Regular readers will be familiar with the successes and tragedies that have befallen a pair of Lesser Striped Swallows that have chosen our house for their summer breeding abode. Mud marks under the eaves bear witness to the many nests that have been built over the years – as well as the variations in where the openings have been placed. For years a pair of swallows would faithfully build – and rebuild – in the same place. While they have always managed to raise a brood it has not been easy. My blog has chronicled many nests falling down, sometimes with eggs or hatchlings, and the patient rebuilding of them. These birds are resilient and are willing to start over – again and again and again!

Two summers ago, after yet another structural failure, the swallows built their best nest ever. This strong nest outside our front door still stands firmly – without any maintenance required.

It is sheltered from the elements and is perfect except … they had hardly settled there when White-rumped Swifts booted them out, eggs and all, and have taken it over as their home for the past two summers. Back to the drawing board it was and, after some serious contemplation, the swallows opted to build another nest round the side of the house. Here they raised a family after having to rebuild their nest more than once as earlier ones came loose and fell to the ground.

The good news this summer is that not only one pair came to claim their real estate, but two!

One or other of the pairs tried the sturdy nest but were chased away by the swifts. Each pair then decided to build a nest on the site of the two previous ones respectively. One pair perched on the bathroom window for days before starting the construction in earnest – where they sourced the mud in this drought is a mystery.

They laboured for days on end.

Finally the nest was complete and the laying of eggs could begin.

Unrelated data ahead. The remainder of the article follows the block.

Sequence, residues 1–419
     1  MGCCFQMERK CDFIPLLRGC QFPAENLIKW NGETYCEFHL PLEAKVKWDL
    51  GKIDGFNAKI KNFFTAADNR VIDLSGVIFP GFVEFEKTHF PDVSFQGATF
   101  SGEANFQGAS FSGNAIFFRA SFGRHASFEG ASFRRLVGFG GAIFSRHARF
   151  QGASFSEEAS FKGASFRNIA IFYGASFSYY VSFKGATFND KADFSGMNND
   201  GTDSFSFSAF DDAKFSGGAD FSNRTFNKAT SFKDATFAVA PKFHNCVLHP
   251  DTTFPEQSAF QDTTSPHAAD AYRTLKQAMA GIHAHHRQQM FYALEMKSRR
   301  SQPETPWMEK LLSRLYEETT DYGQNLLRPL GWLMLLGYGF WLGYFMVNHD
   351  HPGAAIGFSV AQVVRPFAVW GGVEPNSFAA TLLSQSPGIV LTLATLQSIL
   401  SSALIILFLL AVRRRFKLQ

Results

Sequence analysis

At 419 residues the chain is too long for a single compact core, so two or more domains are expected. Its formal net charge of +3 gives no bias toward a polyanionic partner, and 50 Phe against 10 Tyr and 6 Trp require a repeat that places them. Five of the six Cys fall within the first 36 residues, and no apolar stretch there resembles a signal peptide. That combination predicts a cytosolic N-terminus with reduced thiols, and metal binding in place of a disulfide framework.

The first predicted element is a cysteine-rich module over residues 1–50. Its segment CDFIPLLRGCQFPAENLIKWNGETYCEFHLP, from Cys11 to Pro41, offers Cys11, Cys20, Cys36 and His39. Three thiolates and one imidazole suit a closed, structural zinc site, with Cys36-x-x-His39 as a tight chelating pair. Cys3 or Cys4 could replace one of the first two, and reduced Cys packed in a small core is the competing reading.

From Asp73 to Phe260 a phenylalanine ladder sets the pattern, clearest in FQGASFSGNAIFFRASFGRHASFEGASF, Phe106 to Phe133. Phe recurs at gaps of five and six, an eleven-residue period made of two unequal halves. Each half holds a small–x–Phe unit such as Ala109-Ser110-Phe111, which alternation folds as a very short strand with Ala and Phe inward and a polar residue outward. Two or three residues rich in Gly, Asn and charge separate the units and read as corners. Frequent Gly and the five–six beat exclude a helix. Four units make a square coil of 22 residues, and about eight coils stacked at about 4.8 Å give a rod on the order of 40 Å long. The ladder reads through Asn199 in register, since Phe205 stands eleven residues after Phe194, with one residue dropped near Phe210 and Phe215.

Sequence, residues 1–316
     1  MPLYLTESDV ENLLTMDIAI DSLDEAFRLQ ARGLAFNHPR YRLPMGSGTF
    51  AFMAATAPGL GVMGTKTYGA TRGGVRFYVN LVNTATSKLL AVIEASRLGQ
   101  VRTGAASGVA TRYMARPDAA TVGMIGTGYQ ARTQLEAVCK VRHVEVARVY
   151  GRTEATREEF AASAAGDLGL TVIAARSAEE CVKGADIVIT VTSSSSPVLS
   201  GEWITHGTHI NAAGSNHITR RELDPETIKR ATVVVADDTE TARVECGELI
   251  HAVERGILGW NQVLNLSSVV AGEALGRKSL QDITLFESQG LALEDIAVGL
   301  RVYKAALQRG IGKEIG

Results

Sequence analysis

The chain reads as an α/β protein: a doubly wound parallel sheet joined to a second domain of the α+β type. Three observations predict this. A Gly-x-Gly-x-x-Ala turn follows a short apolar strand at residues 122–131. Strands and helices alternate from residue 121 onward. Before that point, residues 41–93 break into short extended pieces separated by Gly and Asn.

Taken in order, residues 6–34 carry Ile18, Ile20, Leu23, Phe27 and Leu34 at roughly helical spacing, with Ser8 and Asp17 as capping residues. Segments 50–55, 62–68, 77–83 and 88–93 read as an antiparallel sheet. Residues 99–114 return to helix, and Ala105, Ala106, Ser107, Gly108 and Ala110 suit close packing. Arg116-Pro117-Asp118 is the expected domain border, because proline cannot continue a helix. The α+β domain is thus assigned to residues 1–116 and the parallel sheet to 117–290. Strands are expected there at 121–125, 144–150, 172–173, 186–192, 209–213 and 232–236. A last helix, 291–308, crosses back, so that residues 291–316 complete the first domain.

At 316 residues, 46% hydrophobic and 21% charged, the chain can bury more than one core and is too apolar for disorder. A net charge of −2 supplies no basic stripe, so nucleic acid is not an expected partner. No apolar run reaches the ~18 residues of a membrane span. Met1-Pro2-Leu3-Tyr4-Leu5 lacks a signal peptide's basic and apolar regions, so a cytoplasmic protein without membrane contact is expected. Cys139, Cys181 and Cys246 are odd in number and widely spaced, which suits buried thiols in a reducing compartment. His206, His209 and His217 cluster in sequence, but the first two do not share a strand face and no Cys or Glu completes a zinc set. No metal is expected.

The other pair had almost completed their nest.

Then … disaster struck … both nests collapsed on Saturday.

The eggs lay shattered on the ground below this one. The other nest had not quite reached completion.

These dear birds are starting from scratch to build their homes.



  1. How heartbreaking to watch their struggles! Too bad there aren’t platforms or nets that could assist them. I wonder if it is something in the soil that is causing them to break?


    • My late mother used to pin a net under the nests built on the wooden planks her veranda ceiling and in doing so rescued a number of nests. These ones are inaccessible – I do not have a ladder long enough to reach them. Judging from the colour of the mud, it comes from different sources and may have different properties. Saturday was exceptionally hot and windy: I wonder if some balls of mud dried out more quickly than others – or contracted – so weakening the structures as a whole.


  2. Life on our Earth is incredibly persistent – having survived for thousands of millions of years in spite of five major extinctions and many lesser catastrophes.

    Those swallows form an unbroken line from the very start of life on Earth.

    Liked by 1 person

    • That is so. I am interested to have discovered that these swallows return to their same nesting sites every breeding season and so I wonder if at least one of the second pair was born here.

      Liked by 1 person

      • “… I wonder if at least one of the second pair was born here”

        Quite possible. We tend to underestimate the intelligence of other living creatures.


    • Ah! Thank you for this – I have responded on your blog. The interesting aspect of these birds is that while the Lesser-striped swallow has bolder or broader stripes than its Greater-striped cousin, it is actually smaller in stature 🙂

      Liked by 1 person

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